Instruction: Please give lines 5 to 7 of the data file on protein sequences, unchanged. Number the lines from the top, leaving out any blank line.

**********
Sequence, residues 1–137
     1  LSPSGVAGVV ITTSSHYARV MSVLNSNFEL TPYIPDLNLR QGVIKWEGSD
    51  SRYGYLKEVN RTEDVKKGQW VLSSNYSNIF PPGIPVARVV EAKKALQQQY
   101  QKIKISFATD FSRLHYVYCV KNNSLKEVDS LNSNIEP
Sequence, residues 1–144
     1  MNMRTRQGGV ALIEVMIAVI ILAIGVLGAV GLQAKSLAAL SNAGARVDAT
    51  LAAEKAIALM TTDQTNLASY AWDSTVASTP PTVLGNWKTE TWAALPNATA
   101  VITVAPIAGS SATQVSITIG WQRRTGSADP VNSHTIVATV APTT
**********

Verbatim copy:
Sequence, residues 1–144
     1  MNMRTRQGGV ALIEVMIAVI ILAIGVLGAV GLQAKSLAAL SNAGARVDAT
    51  LAAEKAIALM TTDQTNLASY AWDSTVASTP PTVLGNWKTE TWAALPNATA